One thing is certain about COVID-19. We don’t know how long it will last, how many will be affected, and what the impact will be on society and the economy. Even the medical science questions – such as vaccines, mutations, explanations for variations in death and infection rates – remain currently unresolved, and approaching epidemiological uncertainty radically increases again.
Global growth estimates leave no room for doubts: 2020 will record a historic recession. Africa will not be spared: with the first year of negative growth in a quarter of a century, the continent's economic shrinkage will also be the most severe since the 1970s. Progress made over the past two decades will be eroded. However, despite the fragility of poorly diversified and industrialized economies, the overall economic contraction in Africa is set to remain more limited when compared to other world regions. Why?
Iraq is facing the biggest challenge to its economy since 2003. Even during the vicious and costly conflict with ISIS, when oil prices plummeted and the government struggled to finance the war, the economic shock did not appear to be as insurmountable as it does today. The COVID-19 epidemic in Iraq has shown no signs of abating and the IMF predicts that Iraq’s economy will contract by 4.7% in 2020.
The Blue Economy which was first proposed as a Report to the Club of Rome in 2009 points out that we have to replace efficiency with resilience. We have to convert the present economic model focused on competing globally with low prices. It is timely to design a framework that permits to generate more value while first of all responding to all the basic needs of a community. The low cost versus high value strategy can only be effective if and when society uses all readily available local resources available in its area of influence.
In response to the COVID19 crisis, governments across the world, including in Africa, have had to rapidly expand their budgets for healthcare and to avoid widespread poverty as economic activity slows. There are concerns that African countries are – as a result – vulnerable to a protracted debt crisis. The framing of this, however, may lead to the wrong policy prescriptions, and this is why.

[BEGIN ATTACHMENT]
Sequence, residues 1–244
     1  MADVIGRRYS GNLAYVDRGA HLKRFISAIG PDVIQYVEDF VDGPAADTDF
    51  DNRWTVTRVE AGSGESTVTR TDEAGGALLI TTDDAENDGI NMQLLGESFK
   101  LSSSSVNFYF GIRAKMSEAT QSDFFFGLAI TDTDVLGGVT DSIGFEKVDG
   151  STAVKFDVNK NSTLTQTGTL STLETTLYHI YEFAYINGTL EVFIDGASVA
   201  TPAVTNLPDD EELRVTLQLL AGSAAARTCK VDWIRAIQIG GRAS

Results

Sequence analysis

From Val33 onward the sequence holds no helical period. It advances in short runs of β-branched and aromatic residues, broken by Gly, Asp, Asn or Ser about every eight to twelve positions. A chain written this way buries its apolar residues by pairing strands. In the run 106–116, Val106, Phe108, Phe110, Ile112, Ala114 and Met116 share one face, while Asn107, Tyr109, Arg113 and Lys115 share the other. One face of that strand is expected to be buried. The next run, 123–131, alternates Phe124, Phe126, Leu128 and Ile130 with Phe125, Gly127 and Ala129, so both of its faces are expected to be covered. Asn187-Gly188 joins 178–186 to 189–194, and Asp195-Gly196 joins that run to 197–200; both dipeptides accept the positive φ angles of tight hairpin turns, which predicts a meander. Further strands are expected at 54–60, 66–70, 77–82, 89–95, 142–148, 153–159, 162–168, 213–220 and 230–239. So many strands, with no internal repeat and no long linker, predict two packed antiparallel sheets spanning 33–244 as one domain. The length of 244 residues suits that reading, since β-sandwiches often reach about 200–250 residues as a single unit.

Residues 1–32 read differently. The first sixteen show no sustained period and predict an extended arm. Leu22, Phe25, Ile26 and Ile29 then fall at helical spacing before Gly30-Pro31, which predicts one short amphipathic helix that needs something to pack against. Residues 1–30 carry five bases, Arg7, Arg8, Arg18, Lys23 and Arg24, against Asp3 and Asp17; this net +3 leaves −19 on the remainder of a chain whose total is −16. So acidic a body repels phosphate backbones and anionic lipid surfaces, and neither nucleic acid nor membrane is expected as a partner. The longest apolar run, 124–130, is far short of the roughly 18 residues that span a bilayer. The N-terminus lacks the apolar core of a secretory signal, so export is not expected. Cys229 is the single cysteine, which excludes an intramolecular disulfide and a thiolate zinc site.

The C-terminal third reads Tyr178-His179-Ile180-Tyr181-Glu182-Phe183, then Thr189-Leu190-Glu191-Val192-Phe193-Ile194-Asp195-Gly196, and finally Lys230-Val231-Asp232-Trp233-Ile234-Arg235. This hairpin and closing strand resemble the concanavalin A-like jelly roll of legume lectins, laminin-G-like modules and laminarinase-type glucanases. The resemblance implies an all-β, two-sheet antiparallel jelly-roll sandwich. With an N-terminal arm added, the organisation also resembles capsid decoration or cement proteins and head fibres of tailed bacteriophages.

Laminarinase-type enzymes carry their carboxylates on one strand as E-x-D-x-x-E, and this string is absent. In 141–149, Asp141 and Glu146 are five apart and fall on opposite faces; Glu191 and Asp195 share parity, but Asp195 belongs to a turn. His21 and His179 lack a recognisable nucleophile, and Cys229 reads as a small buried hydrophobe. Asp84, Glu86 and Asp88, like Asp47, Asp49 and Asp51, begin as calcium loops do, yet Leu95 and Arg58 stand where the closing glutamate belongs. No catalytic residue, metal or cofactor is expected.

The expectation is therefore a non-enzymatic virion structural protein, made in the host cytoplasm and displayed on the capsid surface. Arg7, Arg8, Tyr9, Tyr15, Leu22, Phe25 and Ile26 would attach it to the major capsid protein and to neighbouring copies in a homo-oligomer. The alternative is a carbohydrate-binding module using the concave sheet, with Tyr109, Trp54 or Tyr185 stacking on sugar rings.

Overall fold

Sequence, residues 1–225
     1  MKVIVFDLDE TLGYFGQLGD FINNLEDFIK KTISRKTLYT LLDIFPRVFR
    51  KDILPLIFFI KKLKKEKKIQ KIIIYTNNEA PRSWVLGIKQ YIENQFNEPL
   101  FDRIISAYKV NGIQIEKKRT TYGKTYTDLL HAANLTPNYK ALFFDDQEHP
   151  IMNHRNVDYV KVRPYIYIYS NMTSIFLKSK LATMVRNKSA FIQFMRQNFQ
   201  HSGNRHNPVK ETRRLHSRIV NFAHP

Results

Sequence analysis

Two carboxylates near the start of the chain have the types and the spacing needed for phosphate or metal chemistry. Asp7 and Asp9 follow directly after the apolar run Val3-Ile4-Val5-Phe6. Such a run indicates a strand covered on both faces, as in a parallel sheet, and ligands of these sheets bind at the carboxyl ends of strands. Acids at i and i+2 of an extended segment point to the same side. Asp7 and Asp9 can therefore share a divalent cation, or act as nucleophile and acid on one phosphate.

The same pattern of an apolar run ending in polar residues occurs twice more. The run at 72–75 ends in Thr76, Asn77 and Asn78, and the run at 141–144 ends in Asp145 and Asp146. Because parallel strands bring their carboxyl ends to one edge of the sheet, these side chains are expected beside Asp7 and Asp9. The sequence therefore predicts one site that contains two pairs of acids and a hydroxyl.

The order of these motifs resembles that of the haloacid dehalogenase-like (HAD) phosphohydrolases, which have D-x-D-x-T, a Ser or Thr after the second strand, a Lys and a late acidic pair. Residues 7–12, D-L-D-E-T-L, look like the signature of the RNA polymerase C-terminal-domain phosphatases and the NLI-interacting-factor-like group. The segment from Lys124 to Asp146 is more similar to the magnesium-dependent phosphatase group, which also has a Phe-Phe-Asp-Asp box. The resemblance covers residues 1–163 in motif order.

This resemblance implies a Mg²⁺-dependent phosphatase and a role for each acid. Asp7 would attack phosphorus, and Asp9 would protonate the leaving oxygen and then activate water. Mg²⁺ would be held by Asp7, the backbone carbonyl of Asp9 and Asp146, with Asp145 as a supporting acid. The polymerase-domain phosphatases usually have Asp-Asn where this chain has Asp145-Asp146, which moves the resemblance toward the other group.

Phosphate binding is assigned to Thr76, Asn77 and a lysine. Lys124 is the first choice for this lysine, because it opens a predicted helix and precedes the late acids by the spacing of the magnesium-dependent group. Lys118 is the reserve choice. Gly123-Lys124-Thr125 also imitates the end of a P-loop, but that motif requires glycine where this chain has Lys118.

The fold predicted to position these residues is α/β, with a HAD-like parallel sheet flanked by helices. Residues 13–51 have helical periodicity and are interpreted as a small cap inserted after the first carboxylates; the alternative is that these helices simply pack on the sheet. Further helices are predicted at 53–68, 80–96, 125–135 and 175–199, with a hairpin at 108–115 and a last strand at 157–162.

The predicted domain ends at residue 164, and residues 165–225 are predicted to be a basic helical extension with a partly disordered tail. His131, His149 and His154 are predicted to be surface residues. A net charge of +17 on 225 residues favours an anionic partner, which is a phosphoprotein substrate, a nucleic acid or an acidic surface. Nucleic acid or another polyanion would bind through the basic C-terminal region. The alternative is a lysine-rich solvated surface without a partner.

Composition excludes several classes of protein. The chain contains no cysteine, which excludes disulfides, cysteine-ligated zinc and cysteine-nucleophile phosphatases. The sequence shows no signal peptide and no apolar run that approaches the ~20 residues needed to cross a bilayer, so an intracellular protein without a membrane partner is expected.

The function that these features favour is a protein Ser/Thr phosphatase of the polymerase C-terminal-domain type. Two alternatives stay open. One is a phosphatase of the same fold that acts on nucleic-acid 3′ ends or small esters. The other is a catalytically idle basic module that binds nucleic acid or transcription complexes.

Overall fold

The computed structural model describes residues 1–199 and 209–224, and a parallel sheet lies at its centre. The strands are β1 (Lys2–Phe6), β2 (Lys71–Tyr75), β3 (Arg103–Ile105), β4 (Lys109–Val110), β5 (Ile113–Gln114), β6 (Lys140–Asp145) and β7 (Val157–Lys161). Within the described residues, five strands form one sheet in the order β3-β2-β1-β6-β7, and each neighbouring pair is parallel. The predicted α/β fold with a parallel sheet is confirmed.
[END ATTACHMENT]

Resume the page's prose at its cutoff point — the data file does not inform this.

As the pandemic continues to constrain the fiscal space of African countries – given the slowdown in domestic economies and decline in commodity prices – and occurs in a context where 40% of the continent was already faced with unsustainable debt burdens, discussions around restructuring Africa’s debt have begun to gain traction.
Africa’s growing public debt had sparked a renewed global debate about debt sustainability on the continent well before the COVID-19 pandemic. Africa’s allegedly unsustainable indebtedness is largely owing to the emergence of China as a major financier of African infrastructure, resulting in a narrative that China is using debt to gain geopolitical leverage by trapping poor countries into unsustainable loans.
According to the latest World Bank’s “Global Economic Prospects” publication, Covid-19 pandemic will have a negative impact on East Asia causing a -1,2% GDP’s reduction in 2020, that is the region’s first recession since 1998’s Asian financial crisis, while China is expected to slow to 1% this year. Among the various consequences that may materialise, the report highlights the disruption of the global and regional value chains.
After 6-years of rapid development, China’s Belt and Road Initiative (BRI) has entered a new era in terms of quality development. In this grand picture, cities acting as sub-state actors along the BRI, have gained new momentum for displaying geographic significance and economic attractiveness. This paper intends to define cities’ role in the joint promotion of BRI, exemplify how cities will prosper in the process and explore new opportunities of investment after the COVID-19 pandemic.
The Covid-19 pandemic currently acts as a magnifying glass under which we can view the state of international cooperation. What we see there is cause for deep concern. We are observing a global health crisis to which only a few countries have reacted quickly, transparently and on the basis of facts. Too often, trivialisation, cover-ups or the spreading of conspiracy theories have prevented an effective response.
Only a few short months following the one year anniversary of the Sudanese revolution, Khartoum is facing a global pandemic and a deteriorating economic situation. Over the last decade, Sudanese people have been suffering from inflation and gas shortages as a result of losing 75 percent of its oil revenue that was assumed by South Sudan after the separation of the two states.
The combination of the government’s emergency policies and the plunge in economic activity means Italy’s fiscal health will see a massive blow. As analyzed in the most recent briefing, in our baseline we assume that the fiscal deficit will increase to around 10% of GDP and the government debt will see a level shift to around 155% of GDP.